Guide to Yokohama's Chinatown
In a charming seaside village outside of Tokyo, you'll find Japan's largest Chinatown.
These narrow streets contain within them some of the most colourful and lively storefronts (and people) to be found all around Yokohama. Throughout the year, Yokohama's Chinatown is the host of many major celebrations including their biggest festival during Chinese New Year.
Yokohama's port was built and opened to foreign trade in 1858. With it came many Chinese traders. Eventually, the traders decided to move here with their families and settled in Yokohama, in the area we now call Chinatown. At the time, immigrants were only permitted to live in a designated area, so Chinatown became something that was built out of necessity.
In this district, they built Chinese schools, community centres and other important buildings that helped encapsulate their Chinese culture. After so many Chinese settled here, ferry services eventually started up which ran directly from Yokohama to Shanghai and Hong Kong.
Even today, Yokohama's Chinatown is an important site to see for tourists and locals alike. Today, Japan has a relatively low immigration rate and therefore doesn't have as many ethnic neighbourhoods as other countries. So even for the Japanese, visiting Chinatown can be a way of escaping without ever leaving the city.
When you approach the entrance to Chinatown, you'll be struck by one of four colourful gates which welcome you in. The four gates are symbolics as they represent the four directions in Feng Shui, each one of which has their guardian god. The gates each are decorated with the name of the gods written in gold and surrounded by opulent, traditional Chinese designs.
Inside these gates, there are over 600 shops in only a 2500 square meter area. Although less and less Chinese people now solely live in this area (they have since been allowed to move outside the district) they have made sure that all their business remain together to form this unique neighbourhood.
Although the colourful streets and bright signs are enough to draw people down here, what shines in Chinatown is the FOOD!
You can find panda shaped steamed buns, Peking duck, sesame desserts filled with red bean, spicy Sichuan, dumpling of all shapes and flavours and cheap and delicious street food.
One traditional treat to give a try are the roasted chestnuts sold by vendors all over Chinatown. They are the perfect thing to eat on a cold rainy day like we had while visiting. Warm and nutty, they are flavours with only a hint of sea salt but are more flavourful than you can imagine.
If you're looking to sit down and spend a few hours, there are lots of options for you. Beijing Cuisine is an ancient court type of cuisine. Think of a King asking his cook to make him a banquet of food consisting of all the riches from his land. The food is plentiful and heavy.
Shanghai Cuisine, by contrast, is less about the land, and more about the sea. Yokohama's proximity to the sea lends itself towards fresh seafood so trying it out here would always be a good idea. The dishes tend to be thick and sweet with fermented seasonings.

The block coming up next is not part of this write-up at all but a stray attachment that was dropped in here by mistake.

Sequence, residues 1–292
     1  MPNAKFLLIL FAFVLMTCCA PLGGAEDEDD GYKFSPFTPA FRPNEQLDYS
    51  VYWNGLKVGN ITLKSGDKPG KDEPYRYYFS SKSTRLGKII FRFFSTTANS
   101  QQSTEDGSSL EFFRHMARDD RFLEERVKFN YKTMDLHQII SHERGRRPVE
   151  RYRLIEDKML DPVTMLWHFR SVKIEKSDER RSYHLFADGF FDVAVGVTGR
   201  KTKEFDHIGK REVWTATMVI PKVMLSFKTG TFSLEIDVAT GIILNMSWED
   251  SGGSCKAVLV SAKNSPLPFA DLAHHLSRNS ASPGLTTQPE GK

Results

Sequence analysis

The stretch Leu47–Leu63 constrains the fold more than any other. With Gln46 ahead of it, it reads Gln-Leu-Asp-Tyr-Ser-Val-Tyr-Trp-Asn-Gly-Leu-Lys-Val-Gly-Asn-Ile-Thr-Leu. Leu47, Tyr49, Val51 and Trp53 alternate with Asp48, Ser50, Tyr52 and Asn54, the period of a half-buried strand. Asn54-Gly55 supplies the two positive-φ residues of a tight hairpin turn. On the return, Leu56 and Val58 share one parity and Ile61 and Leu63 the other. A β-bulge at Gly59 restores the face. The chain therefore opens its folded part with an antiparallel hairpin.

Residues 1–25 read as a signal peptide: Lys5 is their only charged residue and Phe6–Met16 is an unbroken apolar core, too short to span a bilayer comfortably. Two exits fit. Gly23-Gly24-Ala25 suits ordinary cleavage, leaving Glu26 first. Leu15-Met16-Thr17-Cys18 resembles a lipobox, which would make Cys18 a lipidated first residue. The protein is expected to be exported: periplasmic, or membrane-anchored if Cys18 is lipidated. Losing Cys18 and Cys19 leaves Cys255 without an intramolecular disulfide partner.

Sichuan Cuisine is synonymous with SPICY! Sichuan is a city high up in the mountains, and therefore the dishes from there contain chilli sauce and hot peppers.
Along the streets, you'll find dozens of stores selling all sorts of Chinese knick-knacks. These are akin to the traditional souvenir shops you'll see in Chinatowns all over the world but here, be sure to check out the "omiyage". Omiyage is a gift or souvenir you bring home to your friends, coworkers, or family. They are usually edible, and you can find all different individually wrapped snacks and sweets in these stores. They are beautifully packaged to look very expensive without actually costing too much.
As you walk along, take some time to explore the Chinese grocery stores selling Chinese vegetables, fruit, herbs and spices. If you feel ill and need a checkup, stop into one of the many medicine shops where (if you can manage to speak with the owner) you might find some fascinating "cures".
If you're looking for some guidance, check out one of the Chinese fortune tellers to see if they can read your future.
If you're looking for a souvenir that isn't just a cheap paper lantern (although some of these are fairly decent) the Chinese tea shops and kitchen goods stores have some exciting options. Chinese tea is known the world over for being some of the best, and at one of the kitchen stores, you can find some hand-made ceramics to serve the tea.
One thing to make sure you see while in Chinatown is the Kanteibyo Temple. The temple was originally built in 1862 but destroyed multiple times over the years due to fire and war. The current temple was rebuilt in 2000. The shrine was built in honour of "Kanwu”, a famous general from a well-known Chinese historical novel, "The Romance of Three Kingdoms.” This shrine was and still is, a place of worship for the Chinese people of Yokohama as an anchor that keeps their hearts and souls close to home.
Chinatown is one of the biggest draws for visitors to Yokohama, and no matter the weather (we should know, it was pouring rain while we were there) it is a must see place to visit.